Emergency Lighting & Exit Signs: Sleazy, Sloppy and Unethical

Let’s say you pull into one of those quick lube places to get an oil change. You’re not really paying attention, so you do not realize that your spouse was in there a few weeks earlier, and had gotten the oil changed. The attendant knows this (they pull up the vehicle data from the license plate or they check the little sticker, it’s been just a few hundred miles) but they say nothing – simply change the oil and send you on your way.

Would you be pissed off? I suspect the answer is yes.

Happened to my employer this week. I’ve been doing their exit sign and emergency exit testing for a few years now – a monthly quick test (push the button, works for 30 seconds, pass / fail) as well as a more involved annual test (kill the building power for 90 minutes and make sure the lighting batteries hold up). I replace the batteries and/or lighting units as needed. I last did the big annual test in July 2018, and dutifully punched out the little official stickers that I purchased to make it all official.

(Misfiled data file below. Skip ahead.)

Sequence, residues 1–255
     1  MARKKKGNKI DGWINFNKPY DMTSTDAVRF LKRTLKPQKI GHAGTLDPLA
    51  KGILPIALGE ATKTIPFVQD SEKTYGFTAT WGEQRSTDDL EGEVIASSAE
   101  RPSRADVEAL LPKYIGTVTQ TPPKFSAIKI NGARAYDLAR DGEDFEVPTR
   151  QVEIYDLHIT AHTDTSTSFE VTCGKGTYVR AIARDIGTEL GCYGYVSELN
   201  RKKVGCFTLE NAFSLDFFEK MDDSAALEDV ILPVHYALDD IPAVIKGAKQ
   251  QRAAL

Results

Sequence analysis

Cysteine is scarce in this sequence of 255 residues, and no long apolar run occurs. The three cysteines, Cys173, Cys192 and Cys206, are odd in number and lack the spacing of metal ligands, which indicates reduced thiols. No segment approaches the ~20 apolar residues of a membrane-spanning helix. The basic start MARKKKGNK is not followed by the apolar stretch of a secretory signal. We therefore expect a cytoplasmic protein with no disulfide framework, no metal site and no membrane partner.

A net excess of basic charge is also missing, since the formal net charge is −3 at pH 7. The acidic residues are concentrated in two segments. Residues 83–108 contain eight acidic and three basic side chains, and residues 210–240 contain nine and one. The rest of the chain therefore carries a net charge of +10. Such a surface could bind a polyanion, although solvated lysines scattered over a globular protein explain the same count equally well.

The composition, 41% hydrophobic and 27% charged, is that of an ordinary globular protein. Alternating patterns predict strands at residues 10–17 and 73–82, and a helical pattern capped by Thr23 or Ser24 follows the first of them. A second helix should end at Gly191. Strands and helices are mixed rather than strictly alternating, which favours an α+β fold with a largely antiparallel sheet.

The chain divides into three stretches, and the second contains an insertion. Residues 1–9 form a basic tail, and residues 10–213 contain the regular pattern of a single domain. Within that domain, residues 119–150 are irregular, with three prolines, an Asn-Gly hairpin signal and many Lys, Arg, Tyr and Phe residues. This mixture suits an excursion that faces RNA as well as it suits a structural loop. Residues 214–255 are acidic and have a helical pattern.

Exit Sign Sitcker

This week, I noticed that one of those big industrial service companies was in to inspect the fire extinguishers, and somehow convinced the facility manager that she needed an annual electrical inspection (they may have actually sold her under-coating and floor mats while they were at it). So all of my little stickers were removed, replaced with theirs, even though the stickers clearly indicated that an annual test had been done in July 2018, two months prior.

Unethical = check. Sleazy = check. And to add insult to injury, there is no way in hell they did a full 90 minute “annual test” in the time they were on site – I suspect they did a quick push-button test.  Potential criminal liability there. The funny thing is, the only reason I noticed was that they slapped the stickers on the front panel of the devices (rather than discretely along the side where my stickers were) so I spotted them as soon as I walked into the facility. So add “sloppy and lazy” to the descriptors.

We’ll be going back to them once the invoice comes in to get the charges reversed. And if that is ineffective, we’ll be sending a letter of complaint to the town fire inspector, as well as the state dept of consumer protection.